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‘Satan Shoe’ maker ordered to stop filling requests following Nike lawsuit

Using a model similar to the Air Max 97 but with a demonic design, MSCHF has been accused of potentially damaging the retailing giant's reputation.
Wed Apr 7, 2021 - 7:20 pm EST
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April 7, 2021 (LifeSiteNews) – Nike is suing MSCHF, the company behind the controversial “Satan Shoes” released in collaboration with rapper Lil Nas X on March 30, for trademark infringement. A court subsequently ordered MSCHF to cease fulfilling orders for their demonically customized version of Nike’s Air Max 97 shoe.

MSCHF had released the hell-inspired shoe just a day after Nike lodged a legal complaint against the aftermarket design company. The “art collective” based its design on a pair of Nike Air Max 97s, adding a bronze pentagram pendant, inverted cross symbols, and purportedly “1 drop human blood,” drawn from MSCHF employees, mixed with red ink in the windowed sole section. The company sold out of all 666 pairs within a few minutes of their release, despite retailing at more than a thousand dollars apiece.

Nike’s lawsuit “argues that Nike must maintain control over its brand ‘by setting the record straight’ about what products bear its distinctive ‘swoosh’ logo,” reported NBC News. “In fact, there is already evidence of significant confusion and dilution occurring in the marketplace, including calls to boycott Nike in response to the launch of MSCHF’s Satan Shoes based on the mistaken belief that Nike has authorized or approved this product.”

At the time, Nike told LifeSiteNews that it does “not have a relationship with Lil Nas X or MSCHF.” Nike further distanced themselves from the “Satan Shoes” project, claiming that they “did not design or release these shoes and we do not endorse them.”

A U.S. federal judge ruled in favor of Nike on April 1, allowing its motion for a restraining order on MSCHF that prohibits the sale of the custom footwear and any use of Nike’s trademarks by MSCHF. Lil Nas X, an open homosexual and outspoken proponent of the homosexual lifestyle, was not named as a defendant in the lawsuit.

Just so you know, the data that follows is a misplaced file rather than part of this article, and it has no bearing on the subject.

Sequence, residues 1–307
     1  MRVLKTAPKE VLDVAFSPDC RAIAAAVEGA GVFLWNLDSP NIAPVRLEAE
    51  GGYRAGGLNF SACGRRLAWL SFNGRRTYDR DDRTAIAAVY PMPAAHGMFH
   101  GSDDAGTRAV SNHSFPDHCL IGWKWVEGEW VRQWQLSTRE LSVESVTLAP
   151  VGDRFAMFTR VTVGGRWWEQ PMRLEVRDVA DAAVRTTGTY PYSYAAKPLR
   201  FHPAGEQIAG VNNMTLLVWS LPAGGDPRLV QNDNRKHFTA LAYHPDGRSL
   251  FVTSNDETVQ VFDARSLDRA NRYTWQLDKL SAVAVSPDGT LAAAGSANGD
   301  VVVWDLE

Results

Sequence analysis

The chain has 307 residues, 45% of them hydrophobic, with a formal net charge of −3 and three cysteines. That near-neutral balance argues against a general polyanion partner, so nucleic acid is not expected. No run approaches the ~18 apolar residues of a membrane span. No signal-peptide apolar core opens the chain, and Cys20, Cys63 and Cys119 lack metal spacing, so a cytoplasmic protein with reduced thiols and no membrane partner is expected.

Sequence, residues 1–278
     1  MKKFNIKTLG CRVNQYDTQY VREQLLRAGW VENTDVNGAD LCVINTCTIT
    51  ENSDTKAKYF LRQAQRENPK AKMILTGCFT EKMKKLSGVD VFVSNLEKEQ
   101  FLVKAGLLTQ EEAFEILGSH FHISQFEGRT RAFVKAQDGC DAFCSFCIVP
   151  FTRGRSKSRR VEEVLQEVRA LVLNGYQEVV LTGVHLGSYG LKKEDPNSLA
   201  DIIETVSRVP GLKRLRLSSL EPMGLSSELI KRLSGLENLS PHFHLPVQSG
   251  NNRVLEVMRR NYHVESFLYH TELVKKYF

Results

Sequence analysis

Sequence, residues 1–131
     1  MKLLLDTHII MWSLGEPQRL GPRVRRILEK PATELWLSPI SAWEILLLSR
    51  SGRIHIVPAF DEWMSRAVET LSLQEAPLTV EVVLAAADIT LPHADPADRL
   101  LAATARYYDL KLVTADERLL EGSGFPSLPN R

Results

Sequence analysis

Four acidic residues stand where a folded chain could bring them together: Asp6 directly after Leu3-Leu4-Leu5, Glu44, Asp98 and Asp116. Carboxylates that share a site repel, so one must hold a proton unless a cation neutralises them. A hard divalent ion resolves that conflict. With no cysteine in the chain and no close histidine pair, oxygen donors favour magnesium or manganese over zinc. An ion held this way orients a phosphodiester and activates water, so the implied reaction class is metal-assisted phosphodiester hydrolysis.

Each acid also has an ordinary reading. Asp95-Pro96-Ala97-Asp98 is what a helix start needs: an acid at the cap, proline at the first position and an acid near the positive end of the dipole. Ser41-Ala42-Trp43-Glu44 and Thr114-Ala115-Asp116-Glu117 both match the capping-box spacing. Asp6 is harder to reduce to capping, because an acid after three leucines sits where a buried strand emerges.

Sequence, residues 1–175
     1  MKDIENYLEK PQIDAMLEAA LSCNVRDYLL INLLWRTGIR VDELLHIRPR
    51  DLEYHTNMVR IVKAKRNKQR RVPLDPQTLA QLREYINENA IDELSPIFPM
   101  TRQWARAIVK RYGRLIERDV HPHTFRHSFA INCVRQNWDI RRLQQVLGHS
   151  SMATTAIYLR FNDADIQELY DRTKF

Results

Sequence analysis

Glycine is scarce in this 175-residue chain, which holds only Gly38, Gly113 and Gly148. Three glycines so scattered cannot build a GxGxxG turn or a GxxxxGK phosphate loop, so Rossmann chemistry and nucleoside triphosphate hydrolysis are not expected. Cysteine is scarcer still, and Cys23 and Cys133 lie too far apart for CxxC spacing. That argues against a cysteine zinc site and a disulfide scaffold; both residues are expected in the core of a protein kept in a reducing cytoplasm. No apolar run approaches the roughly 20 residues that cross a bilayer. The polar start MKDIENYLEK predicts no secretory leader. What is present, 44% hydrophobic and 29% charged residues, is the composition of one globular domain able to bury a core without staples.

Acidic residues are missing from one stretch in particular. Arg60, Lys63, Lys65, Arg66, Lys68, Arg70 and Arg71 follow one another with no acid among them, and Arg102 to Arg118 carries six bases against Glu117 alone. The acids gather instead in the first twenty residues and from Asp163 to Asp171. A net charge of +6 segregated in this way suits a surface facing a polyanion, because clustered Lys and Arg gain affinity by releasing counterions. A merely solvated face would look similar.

Nike wrote to the court the morning before the pronouncement, telling the judge that “MSCHF’s conduct has caused immense confusion about the source of MSCHF’s infringing shoes and tarnished Nike’s brand with an unwarranted association with satanism.”

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The sneaker retailer noted that there is “already evidence of significant confusion and dilution occurring in the marketplace, including calls to boycott Nike in response to the launch of MSCHF's Satan Shoes based on the mistaken belief that Nike has authorized or approved this product.”

The judge subsequently noted that MSCHF’s Satan Shoes are “likely to confuse, and likely are confusing, consumers about the origin, sponsorship, or approval” from Nike, with a likelihood to cause “irreparable harm” to Nike’s reputation.

Brooklyn-based MSCHF released its own statement on the judge’s ruling and, indeed, Nike’s decision to swiftly pursue legal action, at which they were “honestly surprised.” 

“MSCHF is a conceptual art collective known for interventions that engage fashion, art, tech, and capitalism in various, often unexpected, mediums,” the statement read. “MSCHF makes artworks that live directly in the systems they critique, instead of hiding inside white-walled galleries. There is no better way to start a conversation about consumer culture than by participating in consumer culture.”

Their statement added that “(l)ast week's release of the Satan Shoes, in collaboration with Lil Nas X, was no different.” The company boasted that “Satan Shoes started a conversation … It is art created for people to observe, speculate on, purchase, and own.”

Taking a jab at Nike, MSCHF complained that the sportswear giant was acting inconsistently, given that they did not raise a legal complaint over the art collective’s earlier “Jesus Shoe” release, also based on the Air Max 97 design and customized with a crucifix pendant and a sample of water from the river Jordan in the sole. According to MSCHF lawyers, the Jesus Shoe made “just as big of a societal impact,” without attracting the ire of Nike’s public relations department.

“Heresy only exists in relation to doctrine: who is Nike to censor one but not the other? Satan is as much part of the art historical canon as Jesus, from Renaissance Hellmouths to Milton. Satan exists as the challenger to the ultimate authority,” MSCHFs statement continued. “We were delighted to work with Lil Nas X on Satan Shoes and continue this dialogue.”

During a court hearing, MSCHFs legal counsel stated that the vast majority of the offending products, more than 600 pairs, had already been shipped to customers, rendering Nike’s court success pointless.


  lil nas x, mschf, nike, satan shoes, trademark infringement

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